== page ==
Thursday, 20 April 2017

Pointlessly Pressing The Down Arrow At Tescos

Over the road from where I work, an institution which dare not speak its name on these pages, is a new branch of Tesco. The shop floor is below street level but, this being 2017 and all, they have installed a lift to allow access for those of us who still somehow baulk at the prospect of a flight of stairs.

It’s one of those self-operated lifts with room for only one wheelchair user. It has a simple set of controls which even a UKIP voter could understand. An arrow pointing down to take you down to store level, and an arrow pointing up to take you back up to street level. Simple. The only thing left to negotiate is the narrow aisles between goods but it is only a small store, and to make it totally and easily accessible for wheelchair users you would probably have to evacuate everyone else. It’s a bit of a scrap to get around but that’s ok because at least there is a lift. That’s all I ask. I don’t want it to be evacuated. I’m not the Queen.

Except the lift doesn’t work and they don’t care. I haven’t been counting but I would estimate that on each of the last 10 occasions that I have tried to shop there for my lunch (and who doesn’t want to eat Tescos strawberries and grapes instead of a bacon butty at the cafe down the road?) the lift has been broken. I’ve managed to get in every time. The staff eventually notice me fruitlessly pressing the down arrow but going nowhere like Brian Potter on his stairlift. Never mind that smell, I’ve been stuck up here all night… When they finally notice me they rally round trying to fix the useless fecking thing and eventually, after some knob-twiddling, they manage it, all apologies and we’ll-get-someone-out-to-its.

So because I always eventually get into the store for my strawberries and grapes, and the Magnums that I often buy for my colleagues in the summer (ah, you think it is a problem now, don’t you?) I have managed to say nothing to the management beyond a polite suggestion that they should really get someone out to it to fix the problem once and for all. But yesterday they couldn’t get it to work. There were four of them milling around it fiddling with knobs and switches, opening and closing the gate like Ace Ventura in that scene where he is trying to prove that the balcony door is soundproof. Eventually I gave up on it and, I’m afraid to say, slightly lost my shit with the manager.

I’ll summarise it for you without the haughtiness. Basically I told him that if everyone who uses the store needed the lift to gain access to it then they would fix the problem overnight. The reason that they haven’t is that the people like me who need to use it are in the overwhelming minority. Who cares if I don’t go in there and spend my three or four quid twice a week? Extrapolated, capitalist scum like Tesco don’t give a flying shit about the purple pound, that is the money poured into the economy by disabled people. It’s not significant enough for their all-conquering business to take even half a hit, so why should they bother their arse spending money on piffling things like maintaining a working accessible lift? It’s another example of first rate lip service to disability access. They are bound by law to provide a lift but not, it seems, to maintain it. So what is the fucking point? It’s like giving me a Magnum and then cutting my fucking tongue out.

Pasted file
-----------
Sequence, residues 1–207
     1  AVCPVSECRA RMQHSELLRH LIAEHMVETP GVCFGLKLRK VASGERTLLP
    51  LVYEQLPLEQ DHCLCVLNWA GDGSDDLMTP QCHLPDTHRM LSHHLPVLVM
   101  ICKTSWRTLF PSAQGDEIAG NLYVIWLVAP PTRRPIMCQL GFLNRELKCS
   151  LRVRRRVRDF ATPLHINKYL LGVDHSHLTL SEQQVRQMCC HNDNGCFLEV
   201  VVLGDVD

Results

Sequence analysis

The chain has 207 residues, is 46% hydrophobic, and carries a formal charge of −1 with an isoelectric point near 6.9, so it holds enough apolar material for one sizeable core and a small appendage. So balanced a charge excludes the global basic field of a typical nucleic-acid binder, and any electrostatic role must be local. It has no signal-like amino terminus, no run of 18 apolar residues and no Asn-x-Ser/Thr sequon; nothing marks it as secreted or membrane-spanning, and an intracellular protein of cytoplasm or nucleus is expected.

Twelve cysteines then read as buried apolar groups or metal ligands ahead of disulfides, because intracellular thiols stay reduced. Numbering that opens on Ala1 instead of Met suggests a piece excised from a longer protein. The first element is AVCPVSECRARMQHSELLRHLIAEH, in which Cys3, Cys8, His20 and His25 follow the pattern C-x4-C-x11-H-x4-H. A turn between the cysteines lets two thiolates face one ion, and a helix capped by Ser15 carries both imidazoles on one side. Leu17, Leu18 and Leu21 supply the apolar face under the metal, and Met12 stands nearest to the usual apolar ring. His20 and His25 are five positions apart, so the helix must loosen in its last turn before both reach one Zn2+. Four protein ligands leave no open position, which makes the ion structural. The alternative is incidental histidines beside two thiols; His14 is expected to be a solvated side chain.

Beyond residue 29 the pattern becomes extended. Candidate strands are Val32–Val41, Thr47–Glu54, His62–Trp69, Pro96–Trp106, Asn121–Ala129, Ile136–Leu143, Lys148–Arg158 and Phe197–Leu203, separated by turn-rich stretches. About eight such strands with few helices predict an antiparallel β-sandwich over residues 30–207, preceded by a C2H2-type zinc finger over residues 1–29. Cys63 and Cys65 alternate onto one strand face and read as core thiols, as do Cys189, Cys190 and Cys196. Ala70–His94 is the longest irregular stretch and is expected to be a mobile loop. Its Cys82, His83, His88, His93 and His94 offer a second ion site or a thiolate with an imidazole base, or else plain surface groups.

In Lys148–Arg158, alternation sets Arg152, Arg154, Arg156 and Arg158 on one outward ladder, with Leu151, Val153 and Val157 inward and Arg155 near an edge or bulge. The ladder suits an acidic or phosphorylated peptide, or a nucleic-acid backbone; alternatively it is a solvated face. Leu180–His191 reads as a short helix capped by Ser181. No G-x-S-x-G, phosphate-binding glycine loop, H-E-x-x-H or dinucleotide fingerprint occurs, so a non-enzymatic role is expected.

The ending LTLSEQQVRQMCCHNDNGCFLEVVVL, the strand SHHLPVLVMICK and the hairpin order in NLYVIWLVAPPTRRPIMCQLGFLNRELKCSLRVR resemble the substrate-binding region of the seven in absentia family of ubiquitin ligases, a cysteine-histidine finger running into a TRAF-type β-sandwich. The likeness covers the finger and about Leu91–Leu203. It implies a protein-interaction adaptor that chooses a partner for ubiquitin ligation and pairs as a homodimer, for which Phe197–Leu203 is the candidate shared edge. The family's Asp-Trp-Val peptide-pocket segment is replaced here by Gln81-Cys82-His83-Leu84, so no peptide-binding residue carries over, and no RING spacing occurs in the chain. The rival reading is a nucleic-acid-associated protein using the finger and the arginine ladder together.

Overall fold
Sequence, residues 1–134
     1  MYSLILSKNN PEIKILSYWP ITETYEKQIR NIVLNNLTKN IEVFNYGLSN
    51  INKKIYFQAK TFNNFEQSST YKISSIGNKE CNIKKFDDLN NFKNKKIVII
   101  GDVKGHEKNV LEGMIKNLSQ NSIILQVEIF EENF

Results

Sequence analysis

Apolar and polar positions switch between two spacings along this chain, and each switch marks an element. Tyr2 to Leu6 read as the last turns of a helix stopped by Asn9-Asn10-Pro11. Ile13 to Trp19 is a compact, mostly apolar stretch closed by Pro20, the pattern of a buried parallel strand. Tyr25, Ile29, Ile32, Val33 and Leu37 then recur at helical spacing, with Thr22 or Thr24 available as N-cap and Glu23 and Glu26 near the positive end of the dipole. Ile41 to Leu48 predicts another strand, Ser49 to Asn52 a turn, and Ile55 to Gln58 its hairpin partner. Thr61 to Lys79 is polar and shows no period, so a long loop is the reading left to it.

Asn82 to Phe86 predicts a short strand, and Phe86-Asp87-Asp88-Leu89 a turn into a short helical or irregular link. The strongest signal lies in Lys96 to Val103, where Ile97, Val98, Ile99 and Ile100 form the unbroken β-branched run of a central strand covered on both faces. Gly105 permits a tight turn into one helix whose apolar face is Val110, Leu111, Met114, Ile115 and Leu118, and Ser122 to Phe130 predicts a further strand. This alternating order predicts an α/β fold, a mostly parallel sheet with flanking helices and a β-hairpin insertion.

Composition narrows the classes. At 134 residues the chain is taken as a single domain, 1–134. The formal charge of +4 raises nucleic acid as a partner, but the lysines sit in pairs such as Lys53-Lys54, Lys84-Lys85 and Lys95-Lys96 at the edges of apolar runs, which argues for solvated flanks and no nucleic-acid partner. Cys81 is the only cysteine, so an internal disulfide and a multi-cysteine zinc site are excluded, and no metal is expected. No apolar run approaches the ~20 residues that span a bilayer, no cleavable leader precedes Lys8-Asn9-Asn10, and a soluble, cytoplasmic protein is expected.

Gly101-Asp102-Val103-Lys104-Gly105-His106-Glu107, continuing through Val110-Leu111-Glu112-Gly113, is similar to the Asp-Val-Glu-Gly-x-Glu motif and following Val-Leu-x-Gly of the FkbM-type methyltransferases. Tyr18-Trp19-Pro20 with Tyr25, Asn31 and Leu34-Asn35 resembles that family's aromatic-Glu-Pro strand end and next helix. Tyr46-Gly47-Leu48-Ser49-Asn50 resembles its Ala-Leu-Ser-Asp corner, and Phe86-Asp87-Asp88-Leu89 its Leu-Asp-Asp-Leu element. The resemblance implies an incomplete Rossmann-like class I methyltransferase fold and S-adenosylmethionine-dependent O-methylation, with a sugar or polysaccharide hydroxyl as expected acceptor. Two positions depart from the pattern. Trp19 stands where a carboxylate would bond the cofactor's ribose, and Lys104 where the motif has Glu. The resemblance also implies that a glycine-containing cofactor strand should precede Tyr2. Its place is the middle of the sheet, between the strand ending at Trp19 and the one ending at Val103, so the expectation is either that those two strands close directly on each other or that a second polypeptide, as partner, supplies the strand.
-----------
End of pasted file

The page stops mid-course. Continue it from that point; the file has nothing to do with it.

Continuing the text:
Their apathy is further encouraged by the fact that the nearest accessible supermarket is……a bloody Tesco!! This is what comes of allowing one company to open up 746 stores within a two mile radius of each other. Even if you protest by refusing to enter the guilty store you end up spending your money with the same company anyway just for your own convenience. Tesco have us all by the balls, especially those of us with mobility issues. Also, there is a whacking great hill between the office and that other Tesco and frankly I am not at home to it. And it slopes upwards on the way back, not on the way there. You can't imagine the level of demotivation I have for pushing up a steep hill for the privilege of going back to the office for the afternoon.

Emma has already written a far more reasoned and less huffy complaint letter than you are currently ‘enjoying’. She’s pointed out that it has happened on several occasions, that not only does the lift not work but that it is also regularly blocked off by empty shopping trolleys (an interesting variation on the pub classic of shoving everything you have no room for into the disabled toilet), and that all of this shows a total and complete lack of respect to customers with access needs. And do you know what they did in response? They sent it to the wrong fucking branch, didn’t they? There hasn’t been this level of absolute apathy to disabled people since I turned over live coverage of the Paralympic sitting volleyball because I didn’t want to miss Eggheads.

We await further response from Tesco who have at least assured us that the complaint has now gone to the correct store, but it is a fair bet that whatever they do I won’t be able to go in there for a good while yet. And they won't give a flying shite.